This is a post that shows the output of a simple program I wrote to see if interesting new scientific professions/fields of study can be generated/revealed by a very basic combinatorics experiment.
The idea is very simple and straightforward: take existing branches of science (names) and generate new combinations to see if interesting new fields may arise.
Why? I have a suspicion that many new fields are waiting to be discovered, and many fields that now exist as commonplace were once not even fathomed, and if so, likely considered silly or irrelevant. So anyway, let’s see what happened.
First, let’s consider the inputs that I’m going to use. I did a quick search on Google for “list of scienctific fields” and got to a nice, uniform list on Wikipedia here: https://en.wikipedia.org/wiki/Index_of_branches_of_science.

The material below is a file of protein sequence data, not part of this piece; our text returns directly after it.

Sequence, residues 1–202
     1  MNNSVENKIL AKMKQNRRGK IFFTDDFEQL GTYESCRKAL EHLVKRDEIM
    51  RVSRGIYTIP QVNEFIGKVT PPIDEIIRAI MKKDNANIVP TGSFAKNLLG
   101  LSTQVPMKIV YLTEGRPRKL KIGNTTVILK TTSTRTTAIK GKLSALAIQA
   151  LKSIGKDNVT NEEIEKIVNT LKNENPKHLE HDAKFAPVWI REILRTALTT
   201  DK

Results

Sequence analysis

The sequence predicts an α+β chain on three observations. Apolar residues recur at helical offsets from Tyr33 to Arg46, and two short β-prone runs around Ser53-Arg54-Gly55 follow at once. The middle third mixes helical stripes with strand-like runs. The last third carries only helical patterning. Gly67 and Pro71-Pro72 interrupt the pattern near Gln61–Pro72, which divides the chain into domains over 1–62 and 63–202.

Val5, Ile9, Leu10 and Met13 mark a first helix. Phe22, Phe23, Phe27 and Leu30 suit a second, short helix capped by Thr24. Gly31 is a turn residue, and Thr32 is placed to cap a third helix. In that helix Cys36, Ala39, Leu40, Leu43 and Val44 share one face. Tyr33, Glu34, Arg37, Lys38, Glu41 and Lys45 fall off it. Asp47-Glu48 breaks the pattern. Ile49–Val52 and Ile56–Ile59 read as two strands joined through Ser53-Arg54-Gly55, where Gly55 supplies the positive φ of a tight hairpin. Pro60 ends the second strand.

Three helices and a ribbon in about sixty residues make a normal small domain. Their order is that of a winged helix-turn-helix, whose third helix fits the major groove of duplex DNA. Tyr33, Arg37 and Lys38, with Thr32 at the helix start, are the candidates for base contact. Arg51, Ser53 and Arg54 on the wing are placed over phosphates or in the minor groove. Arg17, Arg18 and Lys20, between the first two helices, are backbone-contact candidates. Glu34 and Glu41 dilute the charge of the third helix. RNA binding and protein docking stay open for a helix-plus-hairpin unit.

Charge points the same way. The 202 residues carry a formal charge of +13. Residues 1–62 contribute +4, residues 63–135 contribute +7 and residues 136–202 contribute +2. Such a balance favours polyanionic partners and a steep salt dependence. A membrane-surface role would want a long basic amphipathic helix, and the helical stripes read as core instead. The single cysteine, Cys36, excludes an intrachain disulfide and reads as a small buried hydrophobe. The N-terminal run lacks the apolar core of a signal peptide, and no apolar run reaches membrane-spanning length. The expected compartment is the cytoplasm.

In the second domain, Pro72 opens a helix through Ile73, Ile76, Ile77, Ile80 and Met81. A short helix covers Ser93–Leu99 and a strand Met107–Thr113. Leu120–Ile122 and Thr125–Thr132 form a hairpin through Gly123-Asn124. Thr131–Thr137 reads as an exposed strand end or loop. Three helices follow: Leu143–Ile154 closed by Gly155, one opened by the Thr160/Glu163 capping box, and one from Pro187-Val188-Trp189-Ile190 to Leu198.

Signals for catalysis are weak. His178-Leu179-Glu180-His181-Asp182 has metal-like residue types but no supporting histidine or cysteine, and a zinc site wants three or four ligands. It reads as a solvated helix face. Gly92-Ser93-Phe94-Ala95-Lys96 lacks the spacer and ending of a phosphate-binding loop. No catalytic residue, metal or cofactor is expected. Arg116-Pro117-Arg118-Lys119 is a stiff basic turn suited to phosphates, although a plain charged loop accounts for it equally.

I then prepped that for python, and wrote a simple program – all of which can be seen here: https://gist.github.com/christabor/264386fe5fd9e1b0412a41659b994769.
You can run it yourself, (just download the single python file, and from command line, run
python path/to/downloaded/file.py) to see new results.
If you wanted to combine more than one field, you could tune the
itertools.permutations argument to where
r=XXX is much higher, but this will very quickly crash your computer since if the number is more than 4 (probably even 3) as it converts the results to a list which will automatically allocate all the required memory to create 6294 combinations (156531800881) - so probably don’t do that.
Anyway, enjoy! Hopefully you found it potentially insightful, or at least comical!